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Kanishka Wanninayaka, CEO at YAMU MEDIA is the interviewee in the latest episode of the Smarter Business Podcast. In this episode, Kanishka talks about his business story, Covid-19's impact on business, his strategy to build clientele, and ways he has made his business smarter.
Here is YAMU MEDIA website: https://yamumedia.com/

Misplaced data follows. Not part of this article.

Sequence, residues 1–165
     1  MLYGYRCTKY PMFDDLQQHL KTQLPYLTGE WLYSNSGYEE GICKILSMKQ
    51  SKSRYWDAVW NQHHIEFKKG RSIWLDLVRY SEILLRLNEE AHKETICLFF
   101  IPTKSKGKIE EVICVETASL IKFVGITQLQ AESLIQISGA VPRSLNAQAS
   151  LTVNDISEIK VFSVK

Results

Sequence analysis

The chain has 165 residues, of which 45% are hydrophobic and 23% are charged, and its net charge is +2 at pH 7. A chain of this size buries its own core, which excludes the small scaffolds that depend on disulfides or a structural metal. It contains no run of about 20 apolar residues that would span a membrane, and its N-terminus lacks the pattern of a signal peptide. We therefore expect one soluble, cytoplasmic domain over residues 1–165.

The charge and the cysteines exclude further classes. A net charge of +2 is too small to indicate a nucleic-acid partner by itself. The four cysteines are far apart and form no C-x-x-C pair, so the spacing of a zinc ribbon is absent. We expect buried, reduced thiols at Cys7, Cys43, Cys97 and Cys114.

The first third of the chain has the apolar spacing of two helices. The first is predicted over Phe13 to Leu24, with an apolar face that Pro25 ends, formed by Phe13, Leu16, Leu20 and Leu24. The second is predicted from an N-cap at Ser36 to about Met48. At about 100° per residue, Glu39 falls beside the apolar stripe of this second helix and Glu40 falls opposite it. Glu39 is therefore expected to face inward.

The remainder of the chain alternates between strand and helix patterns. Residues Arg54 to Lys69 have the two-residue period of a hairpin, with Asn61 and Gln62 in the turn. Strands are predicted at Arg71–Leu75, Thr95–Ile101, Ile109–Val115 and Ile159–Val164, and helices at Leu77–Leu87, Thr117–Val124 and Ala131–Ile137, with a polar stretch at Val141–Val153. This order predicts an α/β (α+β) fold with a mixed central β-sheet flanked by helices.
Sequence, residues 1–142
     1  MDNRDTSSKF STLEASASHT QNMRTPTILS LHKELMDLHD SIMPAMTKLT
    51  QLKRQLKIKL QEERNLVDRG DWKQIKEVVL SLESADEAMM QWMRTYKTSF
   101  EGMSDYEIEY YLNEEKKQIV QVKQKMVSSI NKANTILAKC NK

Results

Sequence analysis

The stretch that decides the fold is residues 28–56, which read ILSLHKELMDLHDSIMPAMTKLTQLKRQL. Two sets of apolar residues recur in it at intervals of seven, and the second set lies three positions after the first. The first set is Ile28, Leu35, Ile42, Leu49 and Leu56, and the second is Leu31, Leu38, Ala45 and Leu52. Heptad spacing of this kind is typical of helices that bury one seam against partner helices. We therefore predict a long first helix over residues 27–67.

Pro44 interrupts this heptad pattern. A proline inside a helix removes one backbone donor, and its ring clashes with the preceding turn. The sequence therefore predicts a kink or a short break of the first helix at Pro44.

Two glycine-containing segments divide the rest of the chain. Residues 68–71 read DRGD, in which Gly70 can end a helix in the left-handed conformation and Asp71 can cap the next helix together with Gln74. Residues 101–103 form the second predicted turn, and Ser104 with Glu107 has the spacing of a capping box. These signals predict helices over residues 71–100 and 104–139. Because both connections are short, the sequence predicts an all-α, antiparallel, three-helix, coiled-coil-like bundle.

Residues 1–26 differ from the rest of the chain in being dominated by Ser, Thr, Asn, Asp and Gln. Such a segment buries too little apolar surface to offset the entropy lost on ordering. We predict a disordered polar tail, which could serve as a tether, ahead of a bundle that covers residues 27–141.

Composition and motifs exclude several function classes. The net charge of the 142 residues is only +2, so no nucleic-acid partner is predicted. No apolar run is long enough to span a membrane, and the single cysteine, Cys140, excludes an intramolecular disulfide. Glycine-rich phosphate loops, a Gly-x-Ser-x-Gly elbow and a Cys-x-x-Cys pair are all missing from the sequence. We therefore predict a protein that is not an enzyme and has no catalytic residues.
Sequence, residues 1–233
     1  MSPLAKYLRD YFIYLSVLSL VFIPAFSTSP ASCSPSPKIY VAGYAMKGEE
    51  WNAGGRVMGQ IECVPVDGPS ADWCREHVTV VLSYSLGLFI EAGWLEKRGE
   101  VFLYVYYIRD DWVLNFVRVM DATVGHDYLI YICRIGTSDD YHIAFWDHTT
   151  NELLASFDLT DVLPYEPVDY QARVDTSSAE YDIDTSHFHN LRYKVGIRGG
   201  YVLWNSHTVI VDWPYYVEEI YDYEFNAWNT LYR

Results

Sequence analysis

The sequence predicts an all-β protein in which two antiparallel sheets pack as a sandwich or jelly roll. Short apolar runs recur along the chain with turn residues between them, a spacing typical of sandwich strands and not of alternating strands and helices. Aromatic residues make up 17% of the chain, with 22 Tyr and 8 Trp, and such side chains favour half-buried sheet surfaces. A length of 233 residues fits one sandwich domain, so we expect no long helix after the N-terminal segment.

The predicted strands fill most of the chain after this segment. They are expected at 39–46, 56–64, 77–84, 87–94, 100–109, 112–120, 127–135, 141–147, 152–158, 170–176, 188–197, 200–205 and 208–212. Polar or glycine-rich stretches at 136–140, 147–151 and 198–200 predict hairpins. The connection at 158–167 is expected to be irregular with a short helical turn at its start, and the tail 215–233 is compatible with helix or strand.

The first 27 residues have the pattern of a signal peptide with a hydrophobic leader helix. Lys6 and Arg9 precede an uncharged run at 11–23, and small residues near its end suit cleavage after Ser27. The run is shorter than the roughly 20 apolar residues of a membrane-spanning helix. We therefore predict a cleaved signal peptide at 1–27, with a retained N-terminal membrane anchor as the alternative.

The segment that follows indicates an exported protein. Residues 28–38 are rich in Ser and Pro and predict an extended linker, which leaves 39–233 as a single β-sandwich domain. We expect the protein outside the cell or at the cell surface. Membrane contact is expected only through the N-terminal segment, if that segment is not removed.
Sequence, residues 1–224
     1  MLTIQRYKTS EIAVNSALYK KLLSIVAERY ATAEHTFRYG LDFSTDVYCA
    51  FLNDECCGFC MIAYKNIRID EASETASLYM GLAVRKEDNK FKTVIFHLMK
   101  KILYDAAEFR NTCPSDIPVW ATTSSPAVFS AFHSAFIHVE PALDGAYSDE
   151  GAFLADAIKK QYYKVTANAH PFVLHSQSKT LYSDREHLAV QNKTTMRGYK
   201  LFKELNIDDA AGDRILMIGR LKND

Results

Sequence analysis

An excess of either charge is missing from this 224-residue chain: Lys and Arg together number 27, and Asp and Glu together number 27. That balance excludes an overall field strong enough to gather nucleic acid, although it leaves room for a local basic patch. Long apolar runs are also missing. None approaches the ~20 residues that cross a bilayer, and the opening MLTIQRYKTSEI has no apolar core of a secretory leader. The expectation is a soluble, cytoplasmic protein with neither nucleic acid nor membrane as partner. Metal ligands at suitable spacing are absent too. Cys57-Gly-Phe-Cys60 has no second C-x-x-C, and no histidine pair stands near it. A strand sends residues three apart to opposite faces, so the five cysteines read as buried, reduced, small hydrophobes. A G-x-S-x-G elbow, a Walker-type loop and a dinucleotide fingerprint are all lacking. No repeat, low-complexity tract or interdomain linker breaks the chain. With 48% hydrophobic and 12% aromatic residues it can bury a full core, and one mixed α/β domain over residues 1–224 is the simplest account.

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(Calm music) - Hey, welcome to this episode of the Smarter Business Podcast. What we try to do here is take a look at business advice through a bit of a video lens. If you like what you hear, please subscribe, share with your friends. Our guests today is Kanishka of Yamu Media. And Kanishka, I'm gonna give you an opportunity to just go ahead and introduce yourself and Yamu Media. - Thanks Neil for having me. So I founded a Yamu Media a year ago where a digital marketing agency focused on developing digital strategies and creative strategies to help scale B2B and B2C businesses. I got started in the community as a CMO (Chief Marketing Officer) for Aviate Audio, which is audio electronics startup and then just kind of moved my way around with the startup community, met a lot of people and yeah, and that's kinda how it all came to shape. - That's awesome and can you give us like a short version of what Aviate Audio is because I think that's an interesting starting point too? Yeah, I think it was around my junior of college and I met these two awesome engineers that came up with an awesome product called the air patch which is a wireless effects pedal controller for guitars. And I'm a guitarist myself and so it was a good synergy and got involved with them and helped them develop like a level of marketing plans and such, and it was a good entry into using the marketing skills that I already had. - Awesome, now back to Yamu, if you had to describe what you do in one sentence and you kind of went through and gave a list, but like, you know, right down to the kernel of it. Do you help clients find customers? That type of thing, you know. - So Yama Media develops and implements digital growth strategies using Google ads, Facebook ads, other online marketing tools to find the ideal customers for your business. - Awesome, and now let's talk just a little bit about how you got to the point where you founded Aviate and then Yamu. I saw in the bio on your website that you're from the United Arab Emirates and you ended up going to UB (University at Buffalo). How did that kind of connection happen? - So I'm actually ethnically Sri Lankan but I grew up in Dubai and think as a funny story, I applied for college here in the States and I thought I was going to New York city and ended up in Buffalo cause didn't realize how big New York state was. But, you know, happy accident, happy to be here. But yeah, I moved here for college. My journey into marketing started in Dubai cause my mom and my dad both owned businesses there and they weren't doing so well so I had to kind of step up, learned almost everything I know from YouTube and Google and Reddit and all that. So it just kind of worked on that for a few years and helped their businesses and then by the time I was in my junior year, I had a lot of experience and then I had kind of the ability to help Aviate Audio with their marketing, running ads and such. So that's kinda how I got involved and moved here from Dubai. Awesome, that's actually not the most uncommon story, right, of, hey, we're going to New York, right from somewhere far away and you ended up six hour drive from the city itself, right. But you're still in New York City. - Yeah. It's interesting cause like the whole country of the United Arab Emirates can fit twice in New York state. So like just the physical space like you can't comprehend how large America is until you're here. - Well and it happens within America. I've once had an argument with a cab driver in Houston who was convinced that Buffalo was a suburb of New York city, even though, you know I clearly was coming from there. So I don't know, figure it out. People, people have their own ideas, you know. But yeah, the scale is crazy, right, you know. Just it's a huge country and yeah Buffalo is at the far end of the state. You've got the false though, that's our iconic. (Nail laughing) - A hundred percent, I think every time I tell my family or friends back in Dubai that I'm living in Buffalo and it's not close to New York city, it just doesn't click. They can't comprehend that I'm six hours away. They're like, "Oh, then you're not in New York." It's like, "No, no, I'm still in New York." (Nail laughing) - It's a long way. - Yeah. - Well that's awesome. And the, you know, what else I noticed in your bio is we have very similar degrees. I've got media arts degree, minor in graphic design. You've got the what was the digital media? - Yeah, digital media degree. Same thing. - That's cool, yeah and we're on, you know there's a lot of different things you can do with that degree, all right. - It's interesting cause when I came to college, I came here for astrophysics and then moved my way into marine biology and then business. I honestly just had no idea what I was doing. And even until my last year and somebody said, "Oh, you need two more classes in the media studies program to graduate." And I was like, "Oh, that makes sense." I know what I wanna do and so... - I think it might be a degree that sometimes happens and too right, where, you know, I don't know, it's kind of fun and yeah do some of the more serious degrees and you end up in the media arts, right? - Yeah and I didn't think I would ever use my media degree. I didn't graduate from collage thinking, I'm gonna start a marketing agency. I enjoyed being in startups and just thought that was my direction. And in hindsight it was the best degree I could have gotten. Cause now that I'm in this marketing space, I'm pulling from the classes that I went to. I'm like looking over notes that I had before. I'm hitting up professors that I used to talk to. So and the end of the story, it was a good decision. - Nice, excellent. Let's see, I'm gonna go back to my notes here. I think we're gonna talk a little bit about just business versus COVID because it's been such a disruptive force for everyone. How is Yamu Media fairing kind of with COVID in place? - So actually, so Yama media was born out of COVID. So it's, you know, I would say obviously that would mean it was good for us to a certain degree. I was just freelancing doing marketing work for startups in the Buffalo space and I all of a sudden just had an influx of clients and then I needed to build a team. It was interesting cause I just kept meeting a lot of talented freelancers working on different projects for people. So I kinda called everyone and said, "Hey, listen, we have a lot of cool stuff to do and we've been collaborating anyway, let's kind of get together and then let's do this." And that's kinda how Yama media was born in COVID-19 cause there's this huge demand or let's say not even demand, people were lost. They didn't know how to take the next steps. And the one thing they knew was that there is a step in the online space, so there was a huge demand there. And then we just kinda stepped up to that. - Yeah. That, I mean, that makes a lot of sense right? Like the space is so unknown to certain businesses and if you can give that helping hand to help them kind of navigate it, you know folks who were traditionally offline are a little less invested in digital. That's really helpful. So, have you had a lot of the success then kind of you know, helping folks remain relevant or generate sales during this time period? - Yeah. It's the, you know, from a marketing end, the ad buying is really a lot cheaper. There's a lot more visibility. So just overall conversions for almost all of our clients are doing really well. So it's, yeah, it's a really good space. Another thing I think that helped a lot of companies to make, you know, in COVID-19 is a huge block that I've found is decision-making. Like trying to decide what channel to use and you waste so much time and burn so much money, just waiting to decide. And once this happened, now you have one choice. You have to go online and you have to be aggressive or you don't keep up, right? So the choice was made, now it just made it a lot. I think it made anybody that committed to the decision a lot easier. - I liked, yeah. I mean, it makes a lot of sense, right? That's what we're finding a lot with, you know folks who are coming into the crater network and everything is like, there are some business disciplines that literally your only option is what we're doing now, right. Move it to Zoom, move it to some other digital format where you can still kind of complete the work that you've been doing but do it in a way that doesn't involve travel. Doesn't involve a lot of people in one room and so on. - I think it opens a lot of doors for businesses. They didn't have access to... Their market is now no longer limited to their community and network, it's expanded. - Yeah. I would say for our business, that's one of the benefits is, you know we took the pivot and we're trying to do the creator network and, you know, kind of enable people to create some of their own video content. And the biggest benefit of that kind of pivot is the much wider market, right? Like Buffalo is not a huge town. Right. It's a smaller city and you can, I don't know if you max it out, but you know, you're bumping up against other people and you're trying to get enough business to do your own thing. You blow the doors off, it's much better, right? - I think also it provides a learning opportunity, like just from my business right? 60 to 70% of my clients are not in Buffalo and this gives me a range to like test marketing strategies and different areas and learn what are the common denominators between strategies and I think for any business even our own clients, I'm noticing they learn at a faster rate and at a more aggressive rate because they have a wider market that they're testing. - Yeah, yeah that's a good point, right. Yeah, it helps with kind of generating that data that can help you further make decisions and adjustments. - 100% - So. Awesome. Awesome. What has changed because of COVID? - I think everything. I think there's nothing that stays consistent. I think a lot of people got the opportunity to reinvent themselves in their businesses and kind of reposition themselves. One of the most tangible things is I think a much more deeper connection and relationship with the people you work with cause now you're having more direct conversations through Zoom. You're jumping on for an hour, half an hour and you're just gonna talk about what's important and you're not gonna talk about the weather. You're not talk about coffee. You're gonna be more personal. My clients know what's happening with my life and my visa situation. I know what's happening with their kids and school. Like it's just, I think the relationships have definitely gotten stronger and I would say one of the most significant changes. - Excellent. That's a good change, right? - That's excellent. - It's been very positive so far on the COVID. Well, what do you think stayed the same, anything or? I think that would be a hard question for me personally to answer because I just started a business. So everything that I know is new and I don't have any context to what it would have been otherwise. - Sure, that's a great answer. Had tried to stick you, but you got it. (Kanishka laughing) Do you see any challenges with like kind of this new way of doing business? - I would say yes. You know, obviously it's better because you're getting a lot more access to a lot more people but at the same time, you have a lot of people struggling that would normally not be. It closed off an entire sector of business that I could be helping or you know, it's sad and that that's like, that's a tough thing to deal with. And I think, you know, you asked me about what changed and then like, you know, the co positive light of COVID-19 for me. But on every day I have to deal with the fact that my mom and my dad's business are tanking and there's nothing to do to stop that. Like there's no marketing effort can be done to stop the tanking of an in person business. So it's just balancing your wins and losses I would say is one of the hardest things to do right now. - Yeah. I'm tuning in the notes, a dance school for. - Yeah. - That's right. Those in person, like especially physical activity at least with New York state's restrictions type set ups are tough. Right? Because that's just such a risk versus other types of businesses. - Yeah. - But that's too bad. The, yeah, so we got the positive and the negative thing. - Yeah and I think if, you know we tried our best for my mom's business. We tried our best to go virtual, you know, it may be brought in like 20% of the revenue that they normally do, which is fine, but like the rent for the properties is the same, the lease is the same, the expenses are the same. So there's just no way to keep up with the bills with just an online class. - Yeah. Well I can say for my own business, we've left our office space because it was no longer an asset to us. It was, an expense but it didn't generate any benefit. So I get it, we're in the same spot and we had the head step out. So. All right, well, let's change gears here. I don't have a real clean segue, so we're just gonna switch it up just like this. We're gonna start talking about the Vidwheel creator network is our main product now. And I try to incorporate a little segment into each one of these podcasts on it. Part of the reason I wanted to have you on for this month's podcast is our monthly theme for the month of October is video strategy. And now from some of the conversations we've had I know you're big on strategy. Now I guess the first question I'll have is how do you build strategies for your clients, for just generic digital media campaigns? - I think two of the main things that we focus on, one identifying the end goal, what is the objective? Right. And then what is your risk tolerance to that objective? And then based on that, we split test everything, AB test, everything, figure out, you know, there's two markets you're targeting. Let's build something for this and that market and then run it for a week or month, see what happens and decide to move forward. And I think that, you know, the core of any strategy, I think is the testing. - Excellent. Yeah, back to using analytics to get it right. I like it. All right, so if there's one piece of that digital marketing campaign that you think is absolutely the most important, what do you think that is? - I think I said it a little bit but AB testing, just always test everything that you're doing. I've worked with people that would come to me and have kind of a firm, like, I know what's gonna work. This is what's gonna work. Let's put all of our money into this thing and it almost always never works. - Because if it was gonna work, they'd already be doing it. Right? - A hundred percent, hundred percent, yeah. - Well, I guess on that note, have you ever had a real surprising thing where you were like, I'm betting on, you know, that this is gonna work for this client and then something just totally out of the blue was the direction based on the AB testing? Yeah. I mean, I think that happens every single time. Like, I never, I'm not attached to my strategies cause if I am, there's a bias and I try to like push it when it does it needs to be pushed. But so I think one thing, there was one moment where a client came to us with a huge budget for an eCommerce strategy to sell on Amazon and I looked at it and I was like, there's no way this is gonna work. Like, there's just absolutely no way. These are your other options. And they were so like resistant and they just knew exactly what to do. And I had to say, "No." I was like, I can't with a clear conscious support this cause like here's all the data and you're telling me, like the conversation was around. They were like trying to convince me that I can manipulate Amazon to do well for their product and you know. - Yeah that's tricky. (Nail laughing) - Like people have some kind of like preconceived notions on how the world works and they come in with those expectations and it's quite hard to navigate those. - Yeah, and you know, if you get in those spots, sometimes it's hard to do but often the best thing to do is just maybe that's not your client or you try to figure out a different way to work with them, right? - 100%. I think to answer your question again. - Sure. - A second part is transparency. And I think if the client and myself like, if we can't be friends, if we can't be transparent and I'll tell you exactly what I wanna do and you tell me exactly what you wanna do. And if that conversation doesn't happen in the beginning, it's not good for either party. And I've one reason why I'm I think I'm doing quite well right now is I have a lot of awesome mentors, you know, Jack, Clark Zach, just a lot of these people in the Buffalo community. And one of the first pieces of advice that Zack Snyder gave me was fired this client, fired that client. Like you know, that is the first thing that he did, you know and like I get it. And like in hindsight, that opened up so many doors because I was spending so much time trying to communicate with somebody who wasn't ready yet. - Yes, yeah. That is a tough thing to do. But I have to say that is one of the best things that you can do, right? Like, if somebody doesn't fit what you're trying to do and they're not gonna give you what you need to do a good job for him, like they gotta go and it's hard to do sometimes, right? - It's tough, I get attached, I'm very emotional that way. - Yeah. Yeah well sometimes it's hard to help the people who ultimately maybe don't want to be helped, right? - 100% - All right. So on any of these digital campaigns, because this is a podcast that does come back to video because that's what we do. Do you do a lot of strategy that's tied to video or you know, is that a medium that ends up in your digital strategies? - Yeah. Video is a big part of our ad campaigns. YouTube, Facebook ads, we test them against pictures and other graphic components. Videos against each other. So yeah, we definitely focus a lot on video stuff. - That's excellent. We always try to tell people that it's very effective medium. Do you agree? - A hundred percent? Yeah. So now again, back to whenever you're coming up with the strategy, identifying the goal first, right? - Right. - If you have a product that's pretty straightforward you don't need to spend, you know, a 15 second or 30 seconds gaining interest when you can just give an offer for 50% off or something like that. But if it's a new product that's new to market you wanna video to explain how this thing works and why it adds value to your life. So I think it just comes down to what is your goal? And then sometimes the video fits and it's needed and necessary while other times it's the opposite and it's not necessary. Just knowing when it is and not, is I think, you know. - That's half the battle, right? And then you test to find out the other half. So that's great. - 100%. - Awesome, so the next question that I have here is one that I asked to every person who's been on the podcast, this is kind of our singular thread. It's called the Smarter Business Podcast. What is one thing, you know, the one thing is to make it hard on you, you have to pick one. What is one thing that you've done that has made your business or your client's business smarter? - Always start from scratch for projects. Come into projects with no assumptions. Even within my own team and even if I'm working for a client assume you know, nothing and start from there. - That's great advice and then you get to go down the whole journey of discovering what they need with fresh eyes, right. I would imagine that's the kind of the logic behind that, right? - A hundred percent. I think, you know, every person as similar as we look is different from each other and this is the same thing with businesses. And like, if you go in to a relationship like the same way you handle your last relationship you're not gonna do well, this is a new person. - Yeah, and now I guess on that note, do you ever find success trying to really target very similar clients so that, you know, get rid of some of that translation there, right, or the rediscovery? - See that's an interesting. I'm at that phase right now where that's a decision that I gotta make but I'm leaning against that from my personal background. I've learned a lot by being part of so many different industries. And when you stick to one, you're not not creatively pushed as much because now you get into the flow of making assumptions and I don't Wanna become that person that makes assumptions, cause your market changes all the time. Your audience changes all the time. So, I would say, I like to work with people that you know, for many different industry. Just because then I can learn a lot from each other and then funnel to each other. - Yeah. I think it is always a, you're saying you're hitting that question mark. Now that's a question that most businesses have to deal with at some point. And it can be a balance between like the, the kind predictability of knowing a little more about the client before you start working with them. And the either, like you said, you know, kind of like of growth but also like there's a level of monotony to doing the same type of work over and over again that I think can sometimes, especially the folks with creative degrees, it can wear on them a little, right? - I think it does come down to your intention with your own life where, if you are trying to make a lot of money, you probably do wanna niche down and pick one industry. So you can just, you know, bang them out as fast as possible. But if you're looking to kind of develop yourself which is where I'm at, where I want to learn as much as possible, then that's why I would focus on different places. - That's an excellent description of the, you know, that's a good way to look at it. Well, that's awesome. I am gonna, I think we're looking good in terms of how much content we got here. So I'm gonna ask the one last question that I ask in every interview. This goes from, you know, testimonial interviews to these podcasts. Do you have anything else to add? I always ask just an open-ended, did we miss anything? Is there anything that you feel like could contribute to this conversation? - Yeah, I wrote down a few of my recommendations for things, so I could probably jump into that. - Sure, jump for it. - A game changer for my business was reading the book "Traction". It helped me really get organized. That led me to like this whole path to read a bunch of books. So then now I'm currently reading "The Power of Now" which is a mint like, you know, mindfulness meditation book which is, you know, that balance between business and personal is really important. And these books definitely help out a lot. One of a habit that I've started that is really keeping me aligned is reading three books a month, one business development book. One mind, you know, development, personal development book and another fiction story, whatever it is. And that combination of reading those three books every day, like a little bit of each keeps me grounded because I never get the chance to dive too deeply into just one thing. So I get to live my life at a regular pace because I'm always tapped into all aspects of it. - I liked that, I think that that is an awesome kind of tip. I've done something along those lines without really, I guess, knowing it, but I usually, you know, kind of balanced business books and fiction, right. I try to like kinda trade off a little bit or, you know, like you're saying, you know same day, read a little bit of one, read a little bit of another. I've been a little fiction heavy lately but you know, I've always tried to keep that balance. And then the self help type books, those find their way in once in a while but that's definitely of the three legs of that stool. That's the shortest one for me but they're helpful. - Yeah, 100%. - They're always good for you. But I think there is a category of self-help that you need at certain levels of your life, right? I think if you're like a young college entrepreneur that doesn't have much going for them but has a lot of energy, there's a set of books there. There is now a practicing entrepreneur that has a lot of things going on and how to balance all that. So I think the self help there's like tiers to those categories and like the, you know, the further you go along your career, like there's different levels of books that you're reading. - Well, I am going to ask you one last question, which is of the books you're reading right now. What do you recommend? - "The Power of Now" Eckhart Tolle. An awesome book, probably top three books I've ever read in my entire life. And I'm probably gonna try to read a little bit of it every month over and over again cause it keeps you in that, the one idea that I love a lot in that book is the idea of being present in everything that you do. And I think as an entrepreneur, you're always thinking about the next step and your past failures. And like, you're always trying to learn. You're always trying to develop, you're trying to do the next thing but this book helps you remember to stay present in the moment and appreciate what you've already done and where you are. - Excellent, and the one I always recommend to people if you've ever read Kim Newport's "Deep Work"? - I haven't. - Oh yeah. Write it down. I love that book. It's very good especially in this like super or, you know, I guess maybe I'm projecting a little, this is my life, but this super, like super fragmented like kind of reality that we live in right now. Like we talked before we got on air. We've got the kids running around, we've got, you know virtual kindergarten trying to do the business stuff. We're doing house stuff and everything too. And it's just like, you're getting pulled in a million directions. It used to be easy, go to the office, you think about work stuff, right? - Yeah. - It's not that easy. (Nail Laughing) - No, not at all. - So, yeah "Deep Work" definitely worth a read. - Yeah, I would definitely wanna check it out. - Yeah. All right, well, I am gonna let you go and this would be the time where we usually would shake hands. So we've taken it just a little wave at the end of these. Thank you very much for giving the time. - Thanks for having me Neil. This was wonderful. - Yeah, it was awesome insights. So I really appreciate it and anybody who has consumed this episode and wants to see more, you can go to smarterbusinesspodcast.com and you can see the full catalog. And if you liked this, please review or share this episode. Thank you. (dramatic music)